Roles of an Event Production Team
Producer: The producer is in charge of the production logistics and works with the client to develop the content and creative elements of the production prior to the event.
PA [Production Assistant]: The production assistant offers a support role, providing assistance to the producer and the crew. They are often considered a jack of all trades.
Production Manager: The production manager handles the planning and executing of the event, with an expertise in implementing the overall creative, technical, and logistical elements that help an event succeed (event design, build strategies, audiovisual production, networking, logistics, partner sourcing, partner management, asset management, budgeting, negotiation, and client service). Production managers and their teams run the event from concepts, to implementation, to live show, to load out.
Stage Manager [Show Caller]: Supervises the execution of all show elements in a production. The stage manager sits in the tech booth in order to have a clear view of the stage. He or she gives direction by calling cues from the show flow, communicating directly to the crew during the performance or presentation. The stage manager is the point of contact for the client and producer to share their vision for the event. They will sometimes be referred to as the show caller.
A1 [Audio Engineer]: Primary audio technician responsible for designing, installing and operating the audio system in a meeting room or show venue. The A1 operates the audio console from the tech booth, typically at the front of house. The A1 sets and monitors the levels for all audio sources in a program, including microphones, VOGs, play-ons, video playback, etc.
A2 [Audio Engineer]: The audio technician who assists the A1, places the lavalier microphones on the presenters, coordinates the frequencies of the wireless microphones, and manages the communication requirements of the crew. The A2 is usually found backstage monitoring the audio equipment. This position is recommended for larger meetings or events with multiple microphones.
LD [Lighting Designer]: The primary lighting technician responsible for designing and supervising the installation of the event lighting package in a meeting room or show venue. The LD develops the lighting plot, taking into consideration the technical requirements, as well as the artistic aspects of color, coverage, and intensity. The LD directs the lighting focus and creates the lighting looks used during the program.
Graphics Operator: The technician responsible for the organization and operation of all presentations and graphic elements in a production. In addition to creating graphics, the operator manages any on-site changes. During the presentations, the graphics operator advances show graphics when prompted.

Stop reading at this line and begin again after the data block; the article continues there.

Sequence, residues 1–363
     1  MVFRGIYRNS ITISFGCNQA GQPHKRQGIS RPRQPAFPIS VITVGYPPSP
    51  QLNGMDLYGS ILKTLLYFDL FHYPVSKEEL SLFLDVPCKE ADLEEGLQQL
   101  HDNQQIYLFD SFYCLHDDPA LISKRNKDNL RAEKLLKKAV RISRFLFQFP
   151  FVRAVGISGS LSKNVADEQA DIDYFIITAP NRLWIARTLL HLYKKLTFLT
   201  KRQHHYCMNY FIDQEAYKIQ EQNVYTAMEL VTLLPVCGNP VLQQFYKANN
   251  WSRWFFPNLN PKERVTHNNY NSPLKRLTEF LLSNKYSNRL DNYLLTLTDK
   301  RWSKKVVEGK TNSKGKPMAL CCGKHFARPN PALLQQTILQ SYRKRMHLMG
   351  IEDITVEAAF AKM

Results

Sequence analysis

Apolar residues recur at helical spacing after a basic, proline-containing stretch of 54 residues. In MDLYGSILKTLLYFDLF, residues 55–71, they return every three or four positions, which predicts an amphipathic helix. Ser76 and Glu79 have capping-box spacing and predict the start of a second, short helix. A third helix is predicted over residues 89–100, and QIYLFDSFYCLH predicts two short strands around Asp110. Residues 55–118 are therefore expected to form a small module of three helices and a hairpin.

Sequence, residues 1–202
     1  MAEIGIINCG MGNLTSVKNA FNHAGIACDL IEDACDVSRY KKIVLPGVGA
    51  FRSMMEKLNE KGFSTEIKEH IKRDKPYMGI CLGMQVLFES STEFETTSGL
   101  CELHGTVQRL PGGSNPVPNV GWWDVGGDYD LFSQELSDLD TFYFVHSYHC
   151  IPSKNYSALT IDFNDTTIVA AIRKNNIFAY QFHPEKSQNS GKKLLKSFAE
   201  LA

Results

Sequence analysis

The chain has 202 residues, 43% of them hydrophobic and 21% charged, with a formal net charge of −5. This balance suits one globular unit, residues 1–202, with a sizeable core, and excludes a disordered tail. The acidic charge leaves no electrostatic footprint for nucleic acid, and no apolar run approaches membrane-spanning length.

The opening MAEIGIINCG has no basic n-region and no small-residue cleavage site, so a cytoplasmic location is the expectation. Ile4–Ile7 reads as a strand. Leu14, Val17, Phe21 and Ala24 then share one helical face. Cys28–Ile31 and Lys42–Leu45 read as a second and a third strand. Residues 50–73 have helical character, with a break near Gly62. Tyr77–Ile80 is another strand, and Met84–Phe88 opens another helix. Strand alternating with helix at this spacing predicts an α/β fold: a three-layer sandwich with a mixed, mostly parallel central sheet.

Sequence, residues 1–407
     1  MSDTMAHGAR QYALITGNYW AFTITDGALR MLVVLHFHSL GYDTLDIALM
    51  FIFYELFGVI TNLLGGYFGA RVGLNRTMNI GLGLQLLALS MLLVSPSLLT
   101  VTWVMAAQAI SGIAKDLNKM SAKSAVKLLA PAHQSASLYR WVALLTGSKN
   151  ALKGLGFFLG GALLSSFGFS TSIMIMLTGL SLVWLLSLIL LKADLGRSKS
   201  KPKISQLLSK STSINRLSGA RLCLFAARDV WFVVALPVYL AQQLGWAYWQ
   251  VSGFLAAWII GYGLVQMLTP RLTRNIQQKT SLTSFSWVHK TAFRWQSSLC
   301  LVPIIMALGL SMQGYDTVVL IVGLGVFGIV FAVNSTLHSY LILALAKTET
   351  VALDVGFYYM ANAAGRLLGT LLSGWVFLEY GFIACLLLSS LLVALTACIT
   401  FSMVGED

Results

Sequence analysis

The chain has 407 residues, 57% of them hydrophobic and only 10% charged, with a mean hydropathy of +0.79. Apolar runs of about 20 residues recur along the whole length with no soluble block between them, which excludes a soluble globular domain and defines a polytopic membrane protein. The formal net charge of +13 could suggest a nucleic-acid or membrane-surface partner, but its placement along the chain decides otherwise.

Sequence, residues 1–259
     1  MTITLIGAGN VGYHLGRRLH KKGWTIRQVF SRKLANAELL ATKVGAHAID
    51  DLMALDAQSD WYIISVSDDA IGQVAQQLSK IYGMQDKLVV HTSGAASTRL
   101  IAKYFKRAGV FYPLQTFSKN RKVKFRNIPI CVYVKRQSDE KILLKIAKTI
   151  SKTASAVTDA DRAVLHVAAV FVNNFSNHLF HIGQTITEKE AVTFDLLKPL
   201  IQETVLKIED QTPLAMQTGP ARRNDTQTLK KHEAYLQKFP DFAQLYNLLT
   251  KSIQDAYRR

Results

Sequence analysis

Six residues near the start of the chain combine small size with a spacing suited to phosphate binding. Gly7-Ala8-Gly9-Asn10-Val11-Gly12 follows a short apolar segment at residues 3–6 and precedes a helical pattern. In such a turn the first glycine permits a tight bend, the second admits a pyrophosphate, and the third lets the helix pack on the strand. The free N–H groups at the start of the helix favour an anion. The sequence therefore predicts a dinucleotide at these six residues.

Riggers: The technicians who hang show components overhead in a meeting room or show venue. Rigging technicians are trained in safety and must reach a level of certification to legally perform their duties. Riggers can be hired directly or can be contracted through a service. Many hotels and venues have an approved rigging vendor that is familiar with the property and has an understanding of the structural weight capacities of the hang points in the venue. The rigging supervisor requires a CAD be provided in advance of a production to approve the placement of equipment rigged to the ceiling. Additionally, the weight of equipment needs to be factored prior to being flown. Ceiling heights and chandeliers must also be taken into account when designing a rigging plot.
Teleprompter Operator: A teleprompter is a video screen system that delivers scrolling, scripted text or bullet points to a presenter during a show. Teleprompting can be viewed in the DSMs, or more formally, in glass paddles placed to the sides of the lectern. The teleprompter operator maintains pace with the presenter’s delivery. Since the presenters do not have to look down at notes on the lectern, they can maintain eye contact with the audience and appear to be speaking naturally and spontaneously.
Mic Runner: The person who moves efficiently through the audience with a wireless handheld microphone during interactive sessions. Mic runners generally position themselves close to the stage, facing the audience during a question and answer (Q&A) session. They scan the audience and make eye contact to encourage participation. When attendees raise their hands, the mic runners move quickly to them and raise their hands or paddles to signal the presenter onstage. When a mic runner is recognized, they ensure the attendees use proper mic technique.